Working out is a vital part of a healthty lifestyle and I always wondered how much physics is involved in it. Working out takes a lot of work because work equals force times distance. The amount of work I put in is based on my force and distance. For example, when I lift weights, the heavier the weight and the higher distance I lift, the more work I put in.
Also, an important part of working out it doing cardio. I like to run fast so I need my velocity to increase. Average velocity equals dis
Now that the nice weather is here I thought it would be appropraite to talk about my favorite summer activity, tubing on the lake! The best part of tubing is when your holding on for dear life and are going so fast the water splashes everywhere and then you take a big jump off a huge wave! But beyond just having fun there is a lot of physics involved.
First, momentum is a huge part of tubing. Momentum is the product of an objects mass (me) times its velocity. This explains why I have so much
When one plays a guitar, it is so important to remember all the physics behind it. Waves have a lot to do with the sound we hear from them. For example, without a large amplitude, it would not be heard. And when one changes notes, it changes the frequency that is heard. Because the wave is longitudinal, it needs a medium to travel through which is why in a vacuum you would not be able to hear someome playing. The pulses vibrate parallel to the wave because in a longitudinal wave thats their path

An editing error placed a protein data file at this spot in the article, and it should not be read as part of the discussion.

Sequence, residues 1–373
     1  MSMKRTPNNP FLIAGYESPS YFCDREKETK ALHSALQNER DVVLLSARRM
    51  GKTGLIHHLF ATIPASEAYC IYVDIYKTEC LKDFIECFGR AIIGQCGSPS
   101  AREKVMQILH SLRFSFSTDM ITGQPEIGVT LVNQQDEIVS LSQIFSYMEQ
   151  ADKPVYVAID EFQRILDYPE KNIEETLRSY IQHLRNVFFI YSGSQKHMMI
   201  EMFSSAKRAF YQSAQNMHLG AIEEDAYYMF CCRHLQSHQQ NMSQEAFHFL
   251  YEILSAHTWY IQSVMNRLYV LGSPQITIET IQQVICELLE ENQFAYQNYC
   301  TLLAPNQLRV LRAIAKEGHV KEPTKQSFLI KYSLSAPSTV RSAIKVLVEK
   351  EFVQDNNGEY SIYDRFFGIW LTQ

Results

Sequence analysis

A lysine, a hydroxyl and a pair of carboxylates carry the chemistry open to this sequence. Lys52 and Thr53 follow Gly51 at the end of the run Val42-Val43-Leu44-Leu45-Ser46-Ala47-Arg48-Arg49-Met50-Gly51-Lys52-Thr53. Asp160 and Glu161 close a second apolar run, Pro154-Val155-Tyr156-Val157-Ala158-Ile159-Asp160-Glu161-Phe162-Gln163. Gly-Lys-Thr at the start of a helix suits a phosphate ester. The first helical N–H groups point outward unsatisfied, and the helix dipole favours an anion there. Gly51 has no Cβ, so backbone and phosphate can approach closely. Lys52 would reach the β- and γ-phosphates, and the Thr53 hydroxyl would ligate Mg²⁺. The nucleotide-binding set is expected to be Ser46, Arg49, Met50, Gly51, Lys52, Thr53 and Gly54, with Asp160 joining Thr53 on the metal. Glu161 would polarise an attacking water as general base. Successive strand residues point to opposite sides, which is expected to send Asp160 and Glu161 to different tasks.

I've always wondered why models are so skinny. Beyond fitting the designers clothes, there really seemed to be no point in forcing them to be so thin. This thought made me wonder, is there any other benefit to being so thin, do they move faster down the runway and do they have more momentum? Then I realized, this is a physics problem! So how could I test if skinny models move down the same length runway faster and if they have more momentum, which is what lead me to two basic physics equations
When a car accident occurs, how can scientists see the change in momentum? After two cars collide and become connected, how is it possible to find the mass, momentum or velocity of either car? Simple, the conservation of momentum. If the vectors of before the crash and after are added up, they will equal each other. This can be written in an equation as:
This is directly related to Newton 3rd Law, which justifies that all gorces come in pairs. But this is not the only phy
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